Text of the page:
He's one of the biggest box-office draws in history, but in recent years Tom Cruise has become more than just the face of his films. He has also become the face of his religion -- Scientology.
A recent video of Cruise -- made for a Scientology event and leaked online -- showed the star's unbridled passion for his religion and piqued the public's interest in a belief system that has long been surrounded by controversy.
"I think it's a privilege to call yourself a Scientologist," Cruise said in the video.
Cruise is a vocal supporter and close friend of Scientology's worldwide leader, David Miscavige, who took over the reins of power when science fiction author and founder L. Ron Hubbard died in 1986.
Miscavige says Scientology can offer its followers greater ability in all areas of life, rid people of negativity, and make them "clear."
But some former members of the Sea Organization, or Sea Org (Scientology's version of clergy -- the group of people who essentially run the church), including a niece of Miscavige, see another side to the religion. They spoke to "Nightline" about how they became increasingly disillusioned with the Church of Scientology, until they decided it was time to leave.
According to the Church, Scientology is in the midst of tremendous growth. It claims millions of members in more than 100 countries, although critics say those numbers are vastly overstated. But recently, the Church has found itself under increasing attack. In January, a group of online activists known as Anonymous posted a threatening video on the Internet and have since staged a number of anti-Scientology protests across the country. And new Web sites, critical of Scientology, are popping up all over the Internet.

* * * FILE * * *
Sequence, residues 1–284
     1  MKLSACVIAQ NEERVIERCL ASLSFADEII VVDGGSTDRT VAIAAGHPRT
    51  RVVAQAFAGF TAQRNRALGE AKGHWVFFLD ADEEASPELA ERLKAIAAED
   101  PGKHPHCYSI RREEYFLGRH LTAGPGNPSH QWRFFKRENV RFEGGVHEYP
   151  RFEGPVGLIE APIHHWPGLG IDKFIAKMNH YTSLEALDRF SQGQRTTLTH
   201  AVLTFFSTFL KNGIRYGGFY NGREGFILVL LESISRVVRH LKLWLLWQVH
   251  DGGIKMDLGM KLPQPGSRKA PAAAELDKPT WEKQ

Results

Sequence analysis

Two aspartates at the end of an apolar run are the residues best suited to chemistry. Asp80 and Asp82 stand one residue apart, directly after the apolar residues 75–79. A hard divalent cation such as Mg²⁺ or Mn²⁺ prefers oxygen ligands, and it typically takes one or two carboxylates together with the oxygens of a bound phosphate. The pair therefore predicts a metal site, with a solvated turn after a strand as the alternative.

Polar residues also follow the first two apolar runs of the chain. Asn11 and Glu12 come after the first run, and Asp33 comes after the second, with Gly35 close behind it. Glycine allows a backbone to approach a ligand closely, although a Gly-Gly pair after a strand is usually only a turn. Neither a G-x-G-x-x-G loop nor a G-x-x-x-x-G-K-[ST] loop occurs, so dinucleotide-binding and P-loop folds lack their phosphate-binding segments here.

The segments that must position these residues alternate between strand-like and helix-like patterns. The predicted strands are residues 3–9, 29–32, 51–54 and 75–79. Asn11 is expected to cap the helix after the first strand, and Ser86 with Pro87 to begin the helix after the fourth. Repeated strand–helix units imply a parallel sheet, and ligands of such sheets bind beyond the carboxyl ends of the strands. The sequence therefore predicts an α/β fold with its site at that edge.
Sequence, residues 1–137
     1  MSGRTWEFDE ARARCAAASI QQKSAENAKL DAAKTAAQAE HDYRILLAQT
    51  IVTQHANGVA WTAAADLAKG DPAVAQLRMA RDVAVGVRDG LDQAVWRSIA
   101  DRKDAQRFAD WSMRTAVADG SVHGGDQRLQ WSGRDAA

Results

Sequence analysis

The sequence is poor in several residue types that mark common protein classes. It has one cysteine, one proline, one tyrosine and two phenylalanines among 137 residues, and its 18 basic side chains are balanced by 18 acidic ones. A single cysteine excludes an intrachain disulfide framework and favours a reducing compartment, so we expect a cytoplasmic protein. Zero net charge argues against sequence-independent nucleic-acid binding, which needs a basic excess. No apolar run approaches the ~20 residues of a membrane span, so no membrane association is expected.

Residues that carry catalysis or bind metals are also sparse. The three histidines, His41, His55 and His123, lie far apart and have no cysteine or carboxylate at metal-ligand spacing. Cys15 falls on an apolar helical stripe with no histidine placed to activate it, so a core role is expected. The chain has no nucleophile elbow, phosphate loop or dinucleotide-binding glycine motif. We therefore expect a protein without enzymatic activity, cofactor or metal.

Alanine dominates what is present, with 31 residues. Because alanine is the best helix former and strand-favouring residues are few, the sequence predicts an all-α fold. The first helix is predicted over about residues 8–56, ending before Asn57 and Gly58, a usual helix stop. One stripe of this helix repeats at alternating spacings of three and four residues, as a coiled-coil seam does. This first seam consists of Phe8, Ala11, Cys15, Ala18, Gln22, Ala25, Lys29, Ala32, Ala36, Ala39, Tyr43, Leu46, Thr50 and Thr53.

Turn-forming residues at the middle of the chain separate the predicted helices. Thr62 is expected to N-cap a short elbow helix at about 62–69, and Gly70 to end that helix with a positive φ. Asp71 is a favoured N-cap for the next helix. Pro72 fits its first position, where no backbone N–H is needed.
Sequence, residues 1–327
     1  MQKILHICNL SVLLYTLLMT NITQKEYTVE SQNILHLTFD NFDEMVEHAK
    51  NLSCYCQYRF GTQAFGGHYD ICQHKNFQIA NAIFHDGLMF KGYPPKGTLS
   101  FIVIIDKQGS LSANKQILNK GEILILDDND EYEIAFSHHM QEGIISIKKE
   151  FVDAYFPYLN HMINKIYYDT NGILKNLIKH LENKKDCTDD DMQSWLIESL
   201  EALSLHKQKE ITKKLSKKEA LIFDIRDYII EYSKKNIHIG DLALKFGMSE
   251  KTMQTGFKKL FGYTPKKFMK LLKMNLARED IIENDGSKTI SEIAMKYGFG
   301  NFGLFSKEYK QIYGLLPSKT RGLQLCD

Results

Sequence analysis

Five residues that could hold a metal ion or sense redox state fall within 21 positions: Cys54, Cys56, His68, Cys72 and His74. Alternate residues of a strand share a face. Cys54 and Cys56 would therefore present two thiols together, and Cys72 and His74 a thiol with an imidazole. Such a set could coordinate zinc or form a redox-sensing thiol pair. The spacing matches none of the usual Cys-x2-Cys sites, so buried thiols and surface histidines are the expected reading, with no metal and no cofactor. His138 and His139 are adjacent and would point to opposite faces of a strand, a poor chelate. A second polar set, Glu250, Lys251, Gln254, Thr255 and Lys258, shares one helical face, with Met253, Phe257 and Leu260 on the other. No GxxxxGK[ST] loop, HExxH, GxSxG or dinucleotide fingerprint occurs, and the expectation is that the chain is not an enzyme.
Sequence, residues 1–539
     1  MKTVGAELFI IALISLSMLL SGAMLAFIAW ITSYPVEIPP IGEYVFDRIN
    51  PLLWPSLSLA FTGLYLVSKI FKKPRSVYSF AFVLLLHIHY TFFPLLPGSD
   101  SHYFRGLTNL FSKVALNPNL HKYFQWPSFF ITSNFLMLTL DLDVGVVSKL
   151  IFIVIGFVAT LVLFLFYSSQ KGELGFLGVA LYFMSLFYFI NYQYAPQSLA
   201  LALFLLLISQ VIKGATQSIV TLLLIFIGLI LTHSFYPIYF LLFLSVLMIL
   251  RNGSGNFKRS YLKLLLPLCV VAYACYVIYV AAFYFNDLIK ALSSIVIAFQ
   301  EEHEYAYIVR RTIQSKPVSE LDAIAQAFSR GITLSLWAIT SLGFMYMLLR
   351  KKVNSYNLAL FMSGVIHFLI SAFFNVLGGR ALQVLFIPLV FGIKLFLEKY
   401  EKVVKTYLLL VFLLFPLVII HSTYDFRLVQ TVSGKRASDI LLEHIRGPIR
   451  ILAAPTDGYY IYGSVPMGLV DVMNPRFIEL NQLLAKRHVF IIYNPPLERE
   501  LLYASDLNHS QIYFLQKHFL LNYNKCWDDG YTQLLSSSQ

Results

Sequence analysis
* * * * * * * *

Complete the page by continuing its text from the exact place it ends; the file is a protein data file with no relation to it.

Exscientologykids.com was created by three young women who used to be members of the church, including Jenna Miscavige Hill, who is a niece of Scientology's leader David Miscavige. Hill's parents joined when she was 2 years old. Both her parents were high-ranking members of Sea Org.
"What we're told is that [members of the Sea Org] have to work so hard because they're helping other people," Hill, 24, recalled. "Your family isn't the most important thing."
From ages 6 to 12, Hill lived at a Scientology-owned property in California that was known as "the ranch," where she said children as young as 6 had long days. In addition to reading, writing and arithmetic classes and studying Scientology, she said there were physical chores.
"These projects ranged from rock hauling, taking rocks out of the creek, picking them up, hauling them up a hill, putting them in a pile -- these were usually to make rock walls," she said.
As a little girl Hill said she remembers weeding for hours, "no matter how hot or how cold it was outside."
In an official response to a Radar magazine article that included Hill's story, the Church wrote, "Children were never forced to engage in manual labor. Claims to the contrary are categorically denied."
The Church has said about the ranch, which was closed in 1999, that the facilities were "nothing short of spectacular."
Hill said she was asked to sign a billion-year contract to prove her devotion to the Church, because "in Scientology, they believe that you live lifetime after lifetime."